Afterwards, I saw J*Davey pack the house at S.O.B.s. Following high-energy sets from Taylor McFerrin and the duo Heavy (homeboy had a key-tar that sprayed spoogy silly string on the audience), Jack Davey and Brook D’Leau, backed by a live band, played a grip of their famously synthy catalog like “Slooow” and even a cover of “Message In A Bottle” by The Police. The highlight was during the slow-jam “No More” when girl-crazy NYC photog Mel D. Cole undressed Jack down to her black bustier and lacy boy shorts. My girl who took the tempo slowdown as a cue to fetch a beverage came back just as Jack pulled on her shirt and chirped, “What did I miss?”

Oh and before I go, FYI: Wale’s “Seinfeld”-inspired Mixtape About Nothing is that good good. Download it (and maybe rub it on your teeth to make them tingle). You’re gonna need something to keep cool.

Giant Step’s Resident: The City, The Sounds, The Soul Part 18

Photo of Mickey Factz © Mel D. Cole

By Mawuse Ziegbe

I consider myself a hip hop head. But being a hip hop head with a vagina is not all tea and crumpets. For one thing, every show kinda feels like crashing a bachelor party. When I keep a hopeful eye for my sistren, I usually find a couple of ladies, eyes glazed over, clearly dragged to the show by their bedroom-producer boos. What really ruffles me is when MC Such and Such screeches, “this one’s for the ladies!!” Like, what? The other hour and a half of your set wasn’t for me? Why was I standing in heels and elbowing tipsy NYU kids all night? How about I return your album and just download that one song “for the ladies.”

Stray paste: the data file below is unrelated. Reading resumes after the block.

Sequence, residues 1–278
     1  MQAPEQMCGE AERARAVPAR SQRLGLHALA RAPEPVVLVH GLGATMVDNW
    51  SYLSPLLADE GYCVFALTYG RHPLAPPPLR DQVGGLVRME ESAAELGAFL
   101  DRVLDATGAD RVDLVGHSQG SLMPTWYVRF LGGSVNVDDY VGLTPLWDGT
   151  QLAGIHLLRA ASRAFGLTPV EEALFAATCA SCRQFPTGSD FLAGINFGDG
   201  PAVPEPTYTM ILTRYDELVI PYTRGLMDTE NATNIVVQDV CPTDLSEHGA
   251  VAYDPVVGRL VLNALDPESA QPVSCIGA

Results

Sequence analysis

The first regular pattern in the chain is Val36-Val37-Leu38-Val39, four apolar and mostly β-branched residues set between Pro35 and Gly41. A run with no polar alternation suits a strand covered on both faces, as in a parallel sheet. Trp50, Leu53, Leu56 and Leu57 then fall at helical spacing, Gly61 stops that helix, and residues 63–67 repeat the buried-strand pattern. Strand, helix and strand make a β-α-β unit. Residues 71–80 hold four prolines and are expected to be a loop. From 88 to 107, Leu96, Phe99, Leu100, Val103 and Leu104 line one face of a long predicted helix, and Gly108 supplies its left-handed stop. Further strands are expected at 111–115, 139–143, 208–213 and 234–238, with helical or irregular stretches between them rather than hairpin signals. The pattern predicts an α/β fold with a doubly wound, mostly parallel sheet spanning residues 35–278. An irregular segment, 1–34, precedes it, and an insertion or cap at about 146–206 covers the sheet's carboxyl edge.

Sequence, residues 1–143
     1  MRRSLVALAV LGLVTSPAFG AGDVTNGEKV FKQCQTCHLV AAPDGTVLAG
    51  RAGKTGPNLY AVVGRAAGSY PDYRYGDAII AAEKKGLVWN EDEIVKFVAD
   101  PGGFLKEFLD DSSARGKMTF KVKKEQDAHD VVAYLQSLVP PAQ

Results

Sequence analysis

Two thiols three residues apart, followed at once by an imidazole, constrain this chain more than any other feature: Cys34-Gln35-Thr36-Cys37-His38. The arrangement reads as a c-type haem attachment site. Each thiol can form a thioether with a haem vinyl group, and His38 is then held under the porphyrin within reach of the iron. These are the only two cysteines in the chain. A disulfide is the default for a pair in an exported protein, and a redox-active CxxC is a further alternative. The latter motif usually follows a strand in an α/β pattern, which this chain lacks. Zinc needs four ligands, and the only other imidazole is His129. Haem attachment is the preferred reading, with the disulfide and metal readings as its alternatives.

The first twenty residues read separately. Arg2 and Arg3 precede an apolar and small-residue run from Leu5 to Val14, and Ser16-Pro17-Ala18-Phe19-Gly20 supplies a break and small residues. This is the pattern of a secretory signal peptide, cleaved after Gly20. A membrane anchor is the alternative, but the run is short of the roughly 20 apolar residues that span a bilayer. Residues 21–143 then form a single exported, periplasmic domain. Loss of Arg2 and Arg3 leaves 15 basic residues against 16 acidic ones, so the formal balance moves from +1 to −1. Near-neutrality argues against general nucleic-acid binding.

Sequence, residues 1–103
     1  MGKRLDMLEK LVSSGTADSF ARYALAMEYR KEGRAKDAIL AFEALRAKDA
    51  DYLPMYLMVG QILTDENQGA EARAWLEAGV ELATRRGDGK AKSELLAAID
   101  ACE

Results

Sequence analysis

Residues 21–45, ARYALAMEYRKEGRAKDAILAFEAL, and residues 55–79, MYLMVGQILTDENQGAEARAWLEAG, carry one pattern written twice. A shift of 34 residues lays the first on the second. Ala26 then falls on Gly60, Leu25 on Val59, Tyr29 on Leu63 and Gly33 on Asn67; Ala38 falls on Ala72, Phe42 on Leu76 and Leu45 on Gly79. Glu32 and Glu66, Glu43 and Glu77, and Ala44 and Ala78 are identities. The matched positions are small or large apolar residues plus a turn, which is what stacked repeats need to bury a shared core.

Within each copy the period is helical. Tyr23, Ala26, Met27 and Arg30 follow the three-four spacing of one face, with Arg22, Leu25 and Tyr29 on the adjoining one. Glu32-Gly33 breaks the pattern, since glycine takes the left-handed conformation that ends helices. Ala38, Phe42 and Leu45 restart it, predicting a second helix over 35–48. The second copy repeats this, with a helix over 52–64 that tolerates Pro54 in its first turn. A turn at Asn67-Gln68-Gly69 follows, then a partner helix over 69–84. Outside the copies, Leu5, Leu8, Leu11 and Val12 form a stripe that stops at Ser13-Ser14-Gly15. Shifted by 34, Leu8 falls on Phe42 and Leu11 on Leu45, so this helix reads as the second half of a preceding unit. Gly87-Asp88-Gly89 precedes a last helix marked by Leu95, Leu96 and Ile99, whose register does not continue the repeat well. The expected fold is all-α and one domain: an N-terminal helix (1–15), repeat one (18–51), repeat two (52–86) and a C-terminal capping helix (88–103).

So why do I keep going? Mostly, it’s hope (as Obama proves, yes we can!). For every clumsy cock-hop rapper flapping his gums, there’s a Kidz In The Hall. Back in undergrad at the University of Pennsylvania, I heard about this senior, Jabari who was actually going to chase his dreams and become a rapper. Usually, Quakers file out of Penn and into cushy jobs like so many overachieving automatons (People don’t really blow 200 Gs on book-learnin’ and then go hustle and flow for a living). Maybe crippling student debt drives the duo of Naledge and fellow Penn album, Double-O because their latest album, The In Crowd, is all sorts of fantastic. Their influences are all over the place as glimmers of N.E.R.D., Camp Lo (who appear on the album), Little Brother (see track 2), and Eric B & Rakim are in the mix. They’re not immune from lyrical foolery but the Kidz do put their schoolin’ to work with the wordplay. They sound like good chilluns who cut-up in seedy pool halls.

Plus, they know err’body in the bourgeoning nerd-hop scene. Travis McCoy from Gym Class Heroes, Estelle, Skyzoo, Phonte from Little Brother, one of those beefy guys from Game Rebellion and more all came through their party at S.O.B.s like there was some collapsible clown car on stage right. The best surprise of the night was Mickey Factz who also impressed me at the In The Mood party last week at Midway. Ubiquita DJ SheRock (who you can often catch feverishly waggin’ her behind at a Hudson Hotel event) was unleashing burners in the DJ nook and downstairs Mickey was one big ball of dapper swagger, ending his set with a hearty version of his addictive midtempo track “Automatic.” He can be very on-trend (there is the boneheaded thump of “I Like Your Supras”) but his music is fairly classic – think powdery future soul with introspective lyrics and hot girls singing the hook. Overness.